In terms of size and space, there's quite a lot to like in the Outlander Sport for the practically minded.
Although the Outlander Sport is a size (or half-size) smaller than the compact crossover mainstream, it doesn't feel so much so. Front seats feel fairly snug but supportive, and in back there's real space for two adults or three kids. And seat height is at the right level to allow what many aging crossover shoppers seek: easy entry that's just a matter of sitting and turning.
The back seats are split 60/40 and fold down easily with just one arm. Plus, there's a nice, low cargo floor; and the larger seatback includes a separate, slightly higher-up trunk pass-through that would be good for multiple sets of skis. Built into the same enclosure is a fold-down, padded armrest with two cupholders built in.
Ths Outlander Sport is lit inside in red—an aesthetic choice that's going to elicit polarized responses, no doubt. We like it, as well as how the very large moonroof is even lit around the rim—a subtle touch that you might notice when parked but not when driving.
Unfortunately, Mitsubishi misses some other important, more broad-ranging details: The interior is a bit too drab and plasticky for most tastes, and more importantly for those who plan to do a lot of highway driving, there's a lot of road noise; in a test vehicle, tire and road rumble was present in the vehicle as long as it was rolling, and it became obtrusive on the highway.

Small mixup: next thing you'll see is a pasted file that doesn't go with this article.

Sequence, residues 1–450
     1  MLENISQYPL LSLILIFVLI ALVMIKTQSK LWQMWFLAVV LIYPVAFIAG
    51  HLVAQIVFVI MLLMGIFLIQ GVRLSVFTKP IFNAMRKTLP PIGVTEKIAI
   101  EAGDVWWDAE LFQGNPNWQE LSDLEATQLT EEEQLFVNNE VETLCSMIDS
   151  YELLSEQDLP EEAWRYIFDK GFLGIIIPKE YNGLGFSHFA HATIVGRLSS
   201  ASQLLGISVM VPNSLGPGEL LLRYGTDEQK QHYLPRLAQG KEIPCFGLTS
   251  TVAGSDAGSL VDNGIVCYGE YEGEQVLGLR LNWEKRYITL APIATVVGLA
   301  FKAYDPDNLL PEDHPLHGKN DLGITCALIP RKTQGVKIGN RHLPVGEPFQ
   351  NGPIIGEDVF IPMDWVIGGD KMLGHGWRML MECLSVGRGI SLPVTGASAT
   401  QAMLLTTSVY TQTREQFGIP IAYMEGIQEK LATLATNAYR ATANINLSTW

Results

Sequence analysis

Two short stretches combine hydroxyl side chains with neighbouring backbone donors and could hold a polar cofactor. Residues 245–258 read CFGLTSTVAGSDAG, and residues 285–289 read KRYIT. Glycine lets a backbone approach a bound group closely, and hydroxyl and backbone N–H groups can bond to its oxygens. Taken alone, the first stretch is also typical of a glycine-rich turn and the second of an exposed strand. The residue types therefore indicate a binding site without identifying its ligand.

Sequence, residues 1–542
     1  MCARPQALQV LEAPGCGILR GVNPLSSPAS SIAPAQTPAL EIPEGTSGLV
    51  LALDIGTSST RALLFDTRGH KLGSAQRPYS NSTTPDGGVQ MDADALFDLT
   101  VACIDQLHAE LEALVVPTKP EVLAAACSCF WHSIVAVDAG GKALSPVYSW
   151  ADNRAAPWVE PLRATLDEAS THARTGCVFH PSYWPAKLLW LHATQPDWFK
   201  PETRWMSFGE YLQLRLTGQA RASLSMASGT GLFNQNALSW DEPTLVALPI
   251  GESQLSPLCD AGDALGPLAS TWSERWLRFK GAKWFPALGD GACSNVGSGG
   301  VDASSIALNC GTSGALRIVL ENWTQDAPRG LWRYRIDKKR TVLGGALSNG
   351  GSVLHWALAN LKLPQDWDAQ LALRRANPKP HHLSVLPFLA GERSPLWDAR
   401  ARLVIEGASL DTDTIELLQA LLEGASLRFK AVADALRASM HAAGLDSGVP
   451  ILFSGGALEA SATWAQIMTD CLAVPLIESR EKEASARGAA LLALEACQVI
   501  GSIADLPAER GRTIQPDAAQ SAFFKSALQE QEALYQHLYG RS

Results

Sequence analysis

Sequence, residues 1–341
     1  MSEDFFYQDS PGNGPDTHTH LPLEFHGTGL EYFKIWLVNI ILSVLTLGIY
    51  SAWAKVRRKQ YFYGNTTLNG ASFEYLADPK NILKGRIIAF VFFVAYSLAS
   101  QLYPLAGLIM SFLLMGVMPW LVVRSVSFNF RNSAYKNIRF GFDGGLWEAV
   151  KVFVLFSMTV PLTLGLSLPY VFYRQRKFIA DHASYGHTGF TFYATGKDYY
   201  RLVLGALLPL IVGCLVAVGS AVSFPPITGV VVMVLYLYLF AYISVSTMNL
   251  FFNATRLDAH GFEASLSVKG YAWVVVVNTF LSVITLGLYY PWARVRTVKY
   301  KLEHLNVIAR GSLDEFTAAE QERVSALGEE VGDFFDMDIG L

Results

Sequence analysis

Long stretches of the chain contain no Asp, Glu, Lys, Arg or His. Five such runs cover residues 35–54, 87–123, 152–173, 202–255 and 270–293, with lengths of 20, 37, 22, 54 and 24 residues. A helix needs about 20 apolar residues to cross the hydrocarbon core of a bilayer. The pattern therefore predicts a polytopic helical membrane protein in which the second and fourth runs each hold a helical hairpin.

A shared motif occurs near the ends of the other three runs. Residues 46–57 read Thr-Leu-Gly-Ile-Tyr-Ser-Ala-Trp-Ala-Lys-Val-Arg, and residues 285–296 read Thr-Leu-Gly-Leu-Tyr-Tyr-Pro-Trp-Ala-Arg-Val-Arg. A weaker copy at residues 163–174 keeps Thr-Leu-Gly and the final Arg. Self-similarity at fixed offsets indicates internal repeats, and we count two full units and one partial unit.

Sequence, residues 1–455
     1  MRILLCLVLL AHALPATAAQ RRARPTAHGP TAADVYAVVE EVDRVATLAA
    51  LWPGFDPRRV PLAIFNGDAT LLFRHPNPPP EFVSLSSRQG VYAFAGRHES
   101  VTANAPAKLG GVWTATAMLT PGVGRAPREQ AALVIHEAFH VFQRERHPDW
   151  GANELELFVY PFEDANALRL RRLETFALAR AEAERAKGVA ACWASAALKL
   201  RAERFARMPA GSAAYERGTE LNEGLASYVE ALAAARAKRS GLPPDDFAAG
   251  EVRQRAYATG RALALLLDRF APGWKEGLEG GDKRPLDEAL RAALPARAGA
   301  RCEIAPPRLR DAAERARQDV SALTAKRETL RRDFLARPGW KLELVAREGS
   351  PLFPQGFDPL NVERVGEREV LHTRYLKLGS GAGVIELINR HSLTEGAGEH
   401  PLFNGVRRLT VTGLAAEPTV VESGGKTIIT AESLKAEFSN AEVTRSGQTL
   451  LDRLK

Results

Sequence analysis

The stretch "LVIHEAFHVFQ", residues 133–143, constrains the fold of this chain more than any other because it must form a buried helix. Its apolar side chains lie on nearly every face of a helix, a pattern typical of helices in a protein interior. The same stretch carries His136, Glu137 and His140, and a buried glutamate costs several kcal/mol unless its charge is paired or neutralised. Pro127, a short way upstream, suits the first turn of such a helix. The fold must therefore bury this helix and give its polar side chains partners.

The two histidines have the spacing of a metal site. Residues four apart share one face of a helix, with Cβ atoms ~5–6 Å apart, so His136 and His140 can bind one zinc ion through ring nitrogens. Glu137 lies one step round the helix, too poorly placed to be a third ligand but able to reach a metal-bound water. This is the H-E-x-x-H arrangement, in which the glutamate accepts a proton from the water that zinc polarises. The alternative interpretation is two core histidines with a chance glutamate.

Otherwise, you do get what you pay for inside; interior controls are much like those of the Lancer family, which is to say they're very straightforward and feel good...in a non-luxurious sense. There's a little more soft touch here—mainly in the form of a layer of padded material that's been added to the dash—don't expect anything above the feel of a budget-priced compact sedan cabin.